Drew McIntyre on being an inspiration to wrestlers released by WWE, winning the WWE Championship without fans in attendance, holding WrestleMania in the UK 


By Jason Powell, ProWrestling.net Editor (@prowrestlingnet)

Good Karma Wrestling with guest Drew McIntyre
Hosts: ESPN Chicago’s Jonathan Hood, ESPN Milwaukee’s Gabe Neitzel, and ESPN West Palm’s Brian Rowitz
Twitter: @GKW_Wrestling

On being an inspiration for wrestlers that find themselves getting released from WWE: “I hope they are inspired. From what I gather, the company literally tells people, ‘Do a Drew.’ My brother once said, ‘You’ve become a verb.’ You have to go out there and reinvent yourself, grow your brand and make yourself more valuable. I believe that’s the advice that the company literally gives people and some of the Superstars that are released and come to me to ask for advice. Hopefully they’ll look at the template of what I did.

“When I left, the model was usually take that WWE character take it around the world, get paid x amount, the second time around you’ll make a little less and finally you’ll find a wage that you’ll stop on and that will be your wage and hopefully one day you will make it back to WWE. My business mindset was, ‘that’s terrible business sense.’ I’m absolutely not doing that, I’m going to reinvent myself, I’m going to show what I can truly do. Social media is becoming really big which it was becoming huge in 2014. I can take everyone around the world with me on my journey and I’m really going to reinvent what it means to be an independent wrestler.

“Thankfully a lot of people believed in me, gave me a lot of opportunities, a lot of platforms to show what I can do and I really succeed and everybody can follow that. The next guy was Cody Rhodes and he had his own version, which led to the creation of another company. You watch Matt Cardona now, while Cody and I eventually kind of went to the TV level, Matt’s been able to keep it at an independent level but really become super popular, super successful. And he has carny in him that I never truly had.”

What would holding WrestleMania in the UK mean to him: “It would be unbelievable. I didn’t even think of it as an option growing up. Just like I never thought Clash at the Castle was an option. I remember doing interviews for that and saying that ‘it’s a dream scenario but a dream I never thought of because I didn’t think it was possible.’ That would be the same case for a WrestleMania, that would be a super dream that I didn’t think would be possible.

“Looking at the way the business has evolved and our business model now and how many international shows we do and how successful they are for the company. The time difference isn’t that bad for the UK. I heard that for years and I complained and I complained and I complained and finally we got Clash at the Castle. Because I was like ‘we’re doing a show in Australia, have you seen the time difference there, don’t be silly, we can do a show in the UK.’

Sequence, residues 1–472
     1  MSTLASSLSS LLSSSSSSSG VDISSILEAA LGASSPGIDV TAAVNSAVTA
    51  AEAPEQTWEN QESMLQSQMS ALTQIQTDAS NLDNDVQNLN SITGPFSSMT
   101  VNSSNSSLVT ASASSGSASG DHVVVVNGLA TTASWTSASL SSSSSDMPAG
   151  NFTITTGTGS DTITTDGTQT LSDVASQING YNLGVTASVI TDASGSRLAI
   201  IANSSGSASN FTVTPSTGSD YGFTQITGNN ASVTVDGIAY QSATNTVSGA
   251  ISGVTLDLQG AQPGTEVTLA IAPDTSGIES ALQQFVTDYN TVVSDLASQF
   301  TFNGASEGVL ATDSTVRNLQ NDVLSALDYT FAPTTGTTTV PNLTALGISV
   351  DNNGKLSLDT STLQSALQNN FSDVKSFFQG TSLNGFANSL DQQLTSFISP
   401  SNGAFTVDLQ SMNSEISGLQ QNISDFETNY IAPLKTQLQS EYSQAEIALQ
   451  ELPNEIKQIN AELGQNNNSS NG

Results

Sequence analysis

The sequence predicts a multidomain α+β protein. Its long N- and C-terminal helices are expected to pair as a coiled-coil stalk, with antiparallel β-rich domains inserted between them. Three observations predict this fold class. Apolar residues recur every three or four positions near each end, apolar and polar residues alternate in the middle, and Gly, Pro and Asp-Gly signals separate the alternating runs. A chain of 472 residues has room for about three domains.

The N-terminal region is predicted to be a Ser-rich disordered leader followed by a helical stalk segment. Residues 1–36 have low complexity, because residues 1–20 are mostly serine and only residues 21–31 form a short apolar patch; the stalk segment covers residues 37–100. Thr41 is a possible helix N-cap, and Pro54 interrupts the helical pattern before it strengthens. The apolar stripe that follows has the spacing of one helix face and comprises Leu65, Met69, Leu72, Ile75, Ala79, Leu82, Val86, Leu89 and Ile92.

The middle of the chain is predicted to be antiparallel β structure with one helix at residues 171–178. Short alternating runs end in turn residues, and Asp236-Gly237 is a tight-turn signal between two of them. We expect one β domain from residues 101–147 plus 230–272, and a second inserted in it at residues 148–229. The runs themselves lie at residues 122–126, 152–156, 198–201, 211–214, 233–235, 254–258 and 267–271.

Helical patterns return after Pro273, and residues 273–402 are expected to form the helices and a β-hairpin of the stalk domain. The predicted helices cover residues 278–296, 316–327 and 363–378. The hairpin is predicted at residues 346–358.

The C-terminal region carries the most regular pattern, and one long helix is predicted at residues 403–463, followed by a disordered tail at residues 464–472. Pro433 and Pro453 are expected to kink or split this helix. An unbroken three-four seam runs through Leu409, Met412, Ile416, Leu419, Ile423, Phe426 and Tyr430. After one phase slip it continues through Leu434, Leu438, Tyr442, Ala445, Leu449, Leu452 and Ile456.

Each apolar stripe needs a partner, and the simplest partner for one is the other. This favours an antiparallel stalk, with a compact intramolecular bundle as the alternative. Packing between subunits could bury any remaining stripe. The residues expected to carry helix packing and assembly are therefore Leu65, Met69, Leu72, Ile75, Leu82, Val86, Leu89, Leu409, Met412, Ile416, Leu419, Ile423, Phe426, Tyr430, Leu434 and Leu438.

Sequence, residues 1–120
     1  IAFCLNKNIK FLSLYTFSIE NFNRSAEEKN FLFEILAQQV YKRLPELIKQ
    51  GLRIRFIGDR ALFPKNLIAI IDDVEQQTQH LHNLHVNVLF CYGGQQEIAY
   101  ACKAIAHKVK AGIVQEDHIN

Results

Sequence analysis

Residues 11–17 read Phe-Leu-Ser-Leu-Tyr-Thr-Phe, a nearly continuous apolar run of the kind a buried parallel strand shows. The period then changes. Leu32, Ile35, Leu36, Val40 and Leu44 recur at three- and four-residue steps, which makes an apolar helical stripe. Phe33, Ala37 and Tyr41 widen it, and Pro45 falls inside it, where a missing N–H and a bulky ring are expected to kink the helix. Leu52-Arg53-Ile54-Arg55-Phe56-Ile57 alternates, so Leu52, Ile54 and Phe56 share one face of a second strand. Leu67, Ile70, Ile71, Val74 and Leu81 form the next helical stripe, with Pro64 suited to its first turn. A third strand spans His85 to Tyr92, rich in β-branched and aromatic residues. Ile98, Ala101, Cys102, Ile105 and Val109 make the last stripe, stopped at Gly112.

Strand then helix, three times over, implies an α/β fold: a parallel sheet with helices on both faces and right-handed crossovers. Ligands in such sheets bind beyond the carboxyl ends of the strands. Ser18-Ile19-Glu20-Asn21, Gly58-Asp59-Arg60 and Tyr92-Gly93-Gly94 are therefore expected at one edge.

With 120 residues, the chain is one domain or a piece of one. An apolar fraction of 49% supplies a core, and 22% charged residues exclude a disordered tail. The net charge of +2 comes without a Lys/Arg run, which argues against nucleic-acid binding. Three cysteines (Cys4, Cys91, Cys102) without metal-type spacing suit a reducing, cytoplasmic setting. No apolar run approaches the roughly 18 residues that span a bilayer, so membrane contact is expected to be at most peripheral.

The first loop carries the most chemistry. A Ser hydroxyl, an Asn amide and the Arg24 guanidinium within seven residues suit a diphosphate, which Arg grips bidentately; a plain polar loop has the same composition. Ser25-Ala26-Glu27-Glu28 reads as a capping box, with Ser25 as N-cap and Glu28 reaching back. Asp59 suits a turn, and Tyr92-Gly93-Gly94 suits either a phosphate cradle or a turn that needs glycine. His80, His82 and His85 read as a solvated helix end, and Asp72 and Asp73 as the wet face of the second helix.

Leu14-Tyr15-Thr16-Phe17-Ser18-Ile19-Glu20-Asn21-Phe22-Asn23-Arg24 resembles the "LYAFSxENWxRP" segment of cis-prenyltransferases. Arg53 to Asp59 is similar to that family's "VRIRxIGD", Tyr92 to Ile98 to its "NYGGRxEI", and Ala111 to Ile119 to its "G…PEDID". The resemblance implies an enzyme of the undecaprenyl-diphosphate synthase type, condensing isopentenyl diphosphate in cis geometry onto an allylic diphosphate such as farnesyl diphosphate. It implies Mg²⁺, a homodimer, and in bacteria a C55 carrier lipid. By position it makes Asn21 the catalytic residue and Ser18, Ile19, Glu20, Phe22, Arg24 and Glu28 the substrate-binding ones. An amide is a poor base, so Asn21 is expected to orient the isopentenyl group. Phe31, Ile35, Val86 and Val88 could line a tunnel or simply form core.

“Now the idea of a Mania is very much possible. I know how successful it would be for the company, but I know how amazing it would be for the fans. And I know how much fun it would be for everyone around the world to watch because we know how crazy and fun and wild the UK fans are. Just take one second to watch Clash, not just for my match but for the whole show, just how wild they were from beginning to end. Just how wild they were from beginning to end and imagine that at WrestleMania.”

Whether he still thinks about how different his WWE Championship win could have been in front of fans: “I try not to dwell on it but too much but yeah, obviously I’ve got feelings on it that I’m talking about on TV now. I guess therapy sessions live on the air these days of what’s really going on deep inside. The truth is, I didn’t grow up dreaming about winning the Royal Rumble to then go to WrestleMania and win in front of nobody.

“Obviously, we couldn’t have predicted a worldwide pandemic. As much as it wasn’t ideal, my match was a very feel-good story. We had taken WrestleMania over two days for the first time, I was going to be in that last match, main event, maybe make some people smile during a time that people needed to smile. Where people were scared so I took that responsibility on happily.

“I’m very proud of what I was able to do and what WWE did during that time to help people escape. But nonetheless I lost out on a lot of moments, a lot of character-building moments, a lot of connecting with the fans moments that you can’t really capture once that initial period has passed. That first title reign has passed. As much as I’m proud of it, at the same time you’ve got those feelings inside of ‘Man, I need to have that moment again, I’m just going to have to work hard and recreate it,’ which I did somehow with Clash at the Castle in the UK. Got bonked out of that one again. Some other less mentally strong people because of my journey might have cracked but I kept fighting on and hopefully finding that moment again. Got Seth Rollins coming up so hopefully will get that moment with a world title in front of fans.”

Other topics include whether getting back to WWE was always the goal, his dream WrestleMania opponent, and more.


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